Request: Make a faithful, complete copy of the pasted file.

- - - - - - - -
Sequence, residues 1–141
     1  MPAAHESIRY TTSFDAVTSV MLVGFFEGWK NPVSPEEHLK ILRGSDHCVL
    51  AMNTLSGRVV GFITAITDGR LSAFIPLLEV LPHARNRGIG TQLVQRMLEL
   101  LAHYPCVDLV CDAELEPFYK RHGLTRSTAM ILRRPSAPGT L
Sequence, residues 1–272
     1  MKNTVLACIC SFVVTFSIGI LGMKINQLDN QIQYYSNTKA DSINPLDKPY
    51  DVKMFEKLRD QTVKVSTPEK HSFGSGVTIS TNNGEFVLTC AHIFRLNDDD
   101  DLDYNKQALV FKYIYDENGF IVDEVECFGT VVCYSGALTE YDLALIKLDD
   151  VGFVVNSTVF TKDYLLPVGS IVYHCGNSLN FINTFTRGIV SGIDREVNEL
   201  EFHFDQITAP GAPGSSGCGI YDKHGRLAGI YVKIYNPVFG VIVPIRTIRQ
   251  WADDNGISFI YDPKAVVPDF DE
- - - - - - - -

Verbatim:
Sequence, residues 1–141
     1  MPAAHESIRY TTSFDAVTSV MLVGFFEGWK NPVSPEEHLK ILRGSDHCVL
    51  AMNTLSGRVV GFITAITDGR LSAFIPLLEV LPHARNRGIG TQLVQRMLEL
   101  LAHYPCVDLV CDAELEPFYK RHGLTRSTAM ILRRPSAPGT L
Sequence, residues 1–272
     1  MKNTVLACIC SFVVTFSIGI LGMKINQLDN QIQYYSNTKA DSINPLDKPY
    51  DVKMFEKLRD QTVKVSTPEK HSFGSGVTIS TNNGEFVLTC AHIFRLNDDD
   101  DLDYNKQALV FKYIYDENGF IVDEVECFGT VVCYSGALTE YDLALIKLDD
   151  VGFVVNSTVF TKDYLLPVGS IVYHCGNSLN FINTFTRGIV SGIDREVNEL
   201  EFHFDQITAP GAPGSSGCGI YDKHGRLAGI YVKIYNPVFG VIVPIRTIRQ
   251  WADDNGISFI YDPKAVVPDF DE